Saturday, April 11, 2015

Eastern Elk: Are They Really Extinct?

John James Audubon's Rendition of Eastern Elk, 1847
Traveling along Interstate 95 from Washington, D.C., through Philadelphia to New York and north to New England -- a giant megalopolis of steel, concrete and asphalt from the Capitol to Boston -- you can still observe flocks of ducks and geese in the fragmented salt marshes, bunches of white-tailed deer in the small woodlots and, if you stopped and walked along the rocky beaches, you might see schools of striped bass, bluefish or mackerel passing through on their annual migrations along the Atlantic coast. It is difficult, however, to imagine herds of bison and elk roaming through country now so heavily urban. But they did -- at least 300 years ago.

When Italian explorer Giovanni da Verrazano sailed into New York Bay in 1524, bison and elk may have ranged across most of the East, from Massachusetts to Louisiana. In 1609 explorer Henry Hudson reported seeing Indians clothed in robes and moccasins made of bison skins when he landed on a small, wild island now known as Manhattan. In his 1966 book, The Elk, naturalist John Madson wrote ". . . elk were probably the most widespread of all American hoofed species, thriving from central California to the Atlantic savannahs; from Mexico into Canada. About the only places not occupied originally by elk were the Great Basin (most of Arizona, Nevada, and parts of Utah, Oregon and Washington), much of New England, eastern parts of the Atlantic coastal states, and sections of the deep South and Gulf Coast." Ernest Thompson Seton wrote extensively about North American elk during the late 1800s and early 1900s. In his seminal book, Lives of Game Animals, published in 1909, he cites explorers and trappers who recorded many sightings of elk in the East in the l6th, l7th and l8th centuries. He also describes their hasty extermination.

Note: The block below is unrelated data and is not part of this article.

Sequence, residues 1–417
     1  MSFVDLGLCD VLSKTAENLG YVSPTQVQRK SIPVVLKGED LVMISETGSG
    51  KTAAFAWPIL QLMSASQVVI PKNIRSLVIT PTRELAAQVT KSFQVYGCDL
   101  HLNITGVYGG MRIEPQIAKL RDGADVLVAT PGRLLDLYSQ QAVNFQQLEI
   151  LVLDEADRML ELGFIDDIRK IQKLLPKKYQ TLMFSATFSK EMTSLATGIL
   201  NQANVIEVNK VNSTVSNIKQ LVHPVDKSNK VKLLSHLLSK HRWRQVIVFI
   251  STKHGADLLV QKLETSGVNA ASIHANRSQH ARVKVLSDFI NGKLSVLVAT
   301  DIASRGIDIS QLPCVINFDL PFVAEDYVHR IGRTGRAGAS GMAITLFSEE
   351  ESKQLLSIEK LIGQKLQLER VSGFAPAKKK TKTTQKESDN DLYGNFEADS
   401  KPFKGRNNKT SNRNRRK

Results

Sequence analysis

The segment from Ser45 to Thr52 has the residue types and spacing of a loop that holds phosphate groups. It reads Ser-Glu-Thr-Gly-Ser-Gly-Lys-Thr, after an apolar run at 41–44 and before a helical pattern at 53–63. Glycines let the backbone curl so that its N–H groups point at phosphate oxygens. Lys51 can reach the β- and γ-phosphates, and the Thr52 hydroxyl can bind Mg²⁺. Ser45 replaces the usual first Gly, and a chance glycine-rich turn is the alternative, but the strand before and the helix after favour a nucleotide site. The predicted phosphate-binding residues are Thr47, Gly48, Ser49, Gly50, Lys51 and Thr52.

"There are few stories of blood lust more disgusting than that detailing the slaughter of the great Elk bands," Seton wrote. "The Deer of New England were killed off for the meat. But the wholesale massacre of the elk, like that of the Buffalo, was carried on for the joy of seeing the great creatures fall in dying agony; and, in later years, by tusk hunters who were too lazy to be hide hunters . . . The beginning of the nineteenth century saw the Wapiti perfectly described, catalogued, and started on the road to extermination. Thenceforth, travellers in Eastern America were obliged to record only the reminiscences of old settlers or the discovery of fossil horns and skulls."

In his Notes on the Mammals of Iowa, presented to the Boston Society of Natural History in 1871, J.A. Allen tells a fairly typical tale: "In the severer weather of winter they [elk] were often driven to seek shelter and food in the vicinity of the settlements. At such times the people not satisfied with killing enough for their present need, mercilessly engaged in an exterminating butchery. Rendered bold by their extremity, the elk were easily dispatched with such implements as axes and corn-knives, Now only a few linger where formerly thousands lived, and these are rapidly disappearing."